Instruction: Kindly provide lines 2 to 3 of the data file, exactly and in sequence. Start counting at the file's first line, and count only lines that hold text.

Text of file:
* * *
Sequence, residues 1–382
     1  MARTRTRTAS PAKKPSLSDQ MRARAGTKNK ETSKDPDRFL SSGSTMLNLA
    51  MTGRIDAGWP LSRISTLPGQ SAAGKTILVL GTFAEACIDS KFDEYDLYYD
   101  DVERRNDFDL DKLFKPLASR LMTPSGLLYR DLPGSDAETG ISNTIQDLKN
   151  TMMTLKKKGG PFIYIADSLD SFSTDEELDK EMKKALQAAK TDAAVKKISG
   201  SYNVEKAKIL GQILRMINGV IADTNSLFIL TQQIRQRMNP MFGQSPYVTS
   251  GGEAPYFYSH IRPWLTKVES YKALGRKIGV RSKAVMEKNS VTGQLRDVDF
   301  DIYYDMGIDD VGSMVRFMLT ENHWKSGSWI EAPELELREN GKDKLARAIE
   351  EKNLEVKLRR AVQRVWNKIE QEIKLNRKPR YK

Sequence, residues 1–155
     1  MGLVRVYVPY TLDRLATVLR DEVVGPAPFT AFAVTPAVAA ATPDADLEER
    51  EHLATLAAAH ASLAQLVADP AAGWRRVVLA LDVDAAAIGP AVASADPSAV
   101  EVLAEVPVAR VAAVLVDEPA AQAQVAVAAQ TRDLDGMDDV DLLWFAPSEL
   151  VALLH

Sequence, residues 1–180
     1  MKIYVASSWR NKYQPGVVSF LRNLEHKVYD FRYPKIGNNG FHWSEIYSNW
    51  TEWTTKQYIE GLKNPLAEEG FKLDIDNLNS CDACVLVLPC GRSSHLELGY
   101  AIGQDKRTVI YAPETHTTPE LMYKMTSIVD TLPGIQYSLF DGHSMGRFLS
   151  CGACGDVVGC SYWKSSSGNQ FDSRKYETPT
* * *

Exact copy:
     1  MARTRTRTAS PAKKPSLSDQ MRARAGTKNK ETSKDPDRFL SSGSTMLNLA
    51  MTGRIDAGWP LSRISTLPGQ SAAGKTILVL GTFAEACIDS KFDEYDLYYD